Gunfight between trooper, suspect leaves one dead, closes I-75

The man in the pickup truck was driving 98 mph southbound on I-75 near Kennesaw, the State Patrol said. It wasn’t rush hour, yet.

But within minutes, traffic was forced to a halt and the six lanes of southbound I-75 became a crime scene. For several hours Wednesday, state and local investigators worked to determine what caused the alleged speeder to shoot at a Georgia state trooper, who was shot twice. But he and two other troopers at the scene returned fire, authorities said, and the pickup’s driver was shot multiple times.

The trooper survived, but the 26-year-old driver died late Wednesday. It took traffic through Cobb County nearly seven hours to recover.

Trooper Jacob Fields spotted the speeding Chevrolet pickup on I-75 near Chastain Road around 3:30 p.m., according to Capt. Mark Perry with the Georgia Department of Public Safety. But the man in the dark blue Silverado, with a Georgia license plate that read “IRODTRK,” showed no intention of stopping for the trooper on his trail.

For about 10 miles, Israel Vladimir Rodriguez, of Acworth refused to stop, even as other troopers joined the pursuit, police said. Even when troopers attempted to box in the truck, Rodriguez continued, investigators said. It was only when the truck hit the back of an SUV near Delk Road that the Rodriguez stopped, Perry said. And that was because the crash disabled the truck, he said.

“He didn’t stop,” Perry said. “He struck an innocent bystander before we could get him stopped.”

Rodriguez had nowhere to run at 3:30 in the afternoon on the interstate. He was heavily tattooed and wasn’t wearing a shirt, according to a witness. But he allegedly grabbed a gun and fired at Fields, a state trooper for three years, Perry said.

Fields was hit twice, in the lower leg and in the abdomen, just below his bullet-proof vest, Perry said. But Fields and two other troopers were able to return shots, striking Rodriguez multiple times, the State Patrol said.

As puzzled drivers looked on, I-75 southbound shut down.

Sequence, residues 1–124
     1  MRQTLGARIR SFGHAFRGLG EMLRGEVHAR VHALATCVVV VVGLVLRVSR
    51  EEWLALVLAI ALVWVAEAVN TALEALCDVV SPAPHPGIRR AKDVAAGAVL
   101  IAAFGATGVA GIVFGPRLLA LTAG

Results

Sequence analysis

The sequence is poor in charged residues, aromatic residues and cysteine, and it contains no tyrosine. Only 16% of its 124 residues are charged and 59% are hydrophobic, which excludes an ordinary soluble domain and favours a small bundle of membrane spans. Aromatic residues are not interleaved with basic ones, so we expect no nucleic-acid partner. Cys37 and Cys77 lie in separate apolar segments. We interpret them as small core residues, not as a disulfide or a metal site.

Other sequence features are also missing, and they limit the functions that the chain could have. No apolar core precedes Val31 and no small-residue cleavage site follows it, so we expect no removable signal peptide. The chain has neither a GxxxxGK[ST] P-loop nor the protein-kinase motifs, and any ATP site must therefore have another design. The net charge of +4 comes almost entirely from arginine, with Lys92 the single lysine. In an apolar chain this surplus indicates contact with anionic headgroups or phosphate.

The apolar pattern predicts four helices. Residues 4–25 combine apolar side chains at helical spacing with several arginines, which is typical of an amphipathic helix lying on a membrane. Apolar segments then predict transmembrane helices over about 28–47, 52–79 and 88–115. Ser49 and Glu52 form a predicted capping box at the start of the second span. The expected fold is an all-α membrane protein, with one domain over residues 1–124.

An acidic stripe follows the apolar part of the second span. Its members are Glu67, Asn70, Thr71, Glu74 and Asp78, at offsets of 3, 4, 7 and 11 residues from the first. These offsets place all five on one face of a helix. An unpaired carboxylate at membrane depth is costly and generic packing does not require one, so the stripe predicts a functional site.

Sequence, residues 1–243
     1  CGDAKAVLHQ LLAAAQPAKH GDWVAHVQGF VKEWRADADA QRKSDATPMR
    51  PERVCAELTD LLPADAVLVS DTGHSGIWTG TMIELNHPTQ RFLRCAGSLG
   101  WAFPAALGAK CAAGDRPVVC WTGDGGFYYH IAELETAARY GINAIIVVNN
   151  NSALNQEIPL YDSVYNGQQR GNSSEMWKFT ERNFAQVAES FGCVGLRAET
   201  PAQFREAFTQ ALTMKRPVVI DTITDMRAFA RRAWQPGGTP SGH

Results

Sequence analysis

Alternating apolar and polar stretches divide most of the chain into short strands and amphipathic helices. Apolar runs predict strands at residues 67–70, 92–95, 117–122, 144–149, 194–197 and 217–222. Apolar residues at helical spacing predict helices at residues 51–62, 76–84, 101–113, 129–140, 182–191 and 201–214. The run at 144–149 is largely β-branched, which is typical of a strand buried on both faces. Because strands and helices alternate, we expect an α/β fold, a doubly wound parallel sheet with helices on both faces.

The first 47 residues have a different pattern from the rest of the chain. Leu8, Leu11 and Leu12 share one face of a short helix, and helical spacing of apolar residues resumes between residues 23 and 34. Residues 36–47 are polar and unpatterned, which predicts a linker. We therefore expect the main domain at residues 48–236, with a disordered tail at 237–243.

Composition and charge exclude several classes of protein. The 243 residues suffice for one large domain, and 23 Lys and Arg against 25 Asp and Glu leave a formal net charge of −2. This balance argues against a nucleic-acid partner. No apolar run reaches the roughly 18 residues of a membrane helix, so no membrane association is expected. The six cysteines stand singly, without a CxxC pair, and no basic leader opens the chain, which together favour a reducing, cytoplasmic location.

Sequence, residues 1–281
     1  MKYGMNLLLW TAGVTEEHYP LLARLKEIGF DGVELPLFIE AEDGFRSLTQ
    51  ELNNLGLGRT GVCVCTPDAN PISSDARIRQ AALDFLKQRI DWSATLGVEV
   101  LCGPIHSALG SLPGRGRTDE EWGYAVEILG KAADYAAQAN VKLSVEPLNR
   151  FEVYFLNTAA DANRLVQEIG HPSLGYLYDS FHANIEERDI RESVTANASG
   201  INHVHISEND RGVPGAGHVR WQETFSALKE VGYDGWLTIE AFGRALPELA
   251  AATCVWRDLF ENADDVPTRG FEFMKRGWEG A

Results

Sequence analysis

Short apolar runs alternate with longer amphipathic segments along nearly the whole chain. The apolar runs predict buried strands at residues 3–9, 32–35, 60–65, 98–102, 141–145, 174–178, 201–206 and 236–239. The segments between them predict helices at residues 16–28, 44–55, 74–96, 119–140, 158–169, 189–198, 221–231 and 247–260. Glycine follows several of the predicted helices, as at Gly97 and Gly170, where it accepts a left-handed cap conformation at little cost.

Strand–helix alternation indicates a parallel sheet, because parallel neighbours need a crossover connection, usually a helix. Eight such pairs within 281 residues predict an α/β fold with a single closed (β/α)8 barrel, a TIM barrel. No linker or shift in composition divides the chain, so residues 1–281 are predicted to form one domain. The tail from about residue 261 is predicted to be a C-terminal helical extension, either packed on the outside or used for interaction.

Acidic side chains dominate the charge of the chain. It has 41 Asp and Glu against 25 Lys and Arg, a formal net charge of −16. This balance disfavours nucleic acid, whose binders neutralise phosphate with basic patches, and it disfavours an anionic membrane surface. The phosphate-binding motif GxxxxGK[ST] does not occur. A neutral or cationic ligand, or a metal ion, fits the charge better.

Police closed the southbound lanes as paramedics treated Fields and Rodriguez, a normal busy lane of traffic becoming a temporary triage. Both men were taken by ambulance to nearby WellStar Kennestone Hospital, where Rodriguez was the first of the two to undergo surgery, Perry said.

Outside the hospital, Perry told reporters that despite his injuries, Fields was talking to doctors and his family members. Police said later in the evening that Fields was out of surgery and a full recovery was expected.

For the law enforcement community, it was a collective sigh of relief.

“I’m very grateful. I’m very thankful,” Perry said. “Sometimes you just have to be thankful for the grace of God. And you have to leave it in God’s hands and hope you do the right thing for the right reason.”

Around Marietta, some drivers caught in the afternoon’s events ended up at a local gas station, including one man who said he nearly ran out of gas.

Larry McMillian, from Marietta, ran into heavy traffic without ever getting on I-75 south. He was heading from Roswell to his house near Dobbins Air Reserve Base when traffic started backing up.

“I just started taking shortcuts, but everybody else was doing the same thing,” McMillian said. “I was almost out of gas. The needle was over the line.”

McMillian made it into the Franklin Road QuikTrip and refueled. A Michigan couple ended up at the same gas station.

Kay West of Commerce, Mich., and her husband were on a trip to Cape Canaveral, Fla., for a cruise when traffic stopped. The couple planned to stop at a son’s house in Duluth for dinner but was stuck in the same spot for two hours.

“We were supposed to have been at his house at 6, and here we are,” West said at 6:30 p.m.

Shortly after 10 p.m., all southbound lanes of I-75 re-opened.

Around 10:30 p.m., Rodriguez died at the hospital, according to a spokesman for the Georgia Bureau of Investigation. The GBI is assisting with the investigation. 

The two uninjured troopers who fired shots were placed on routine administrative leave.

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Staff writers Jennifer Brett and Ben Gray contributed to this article.

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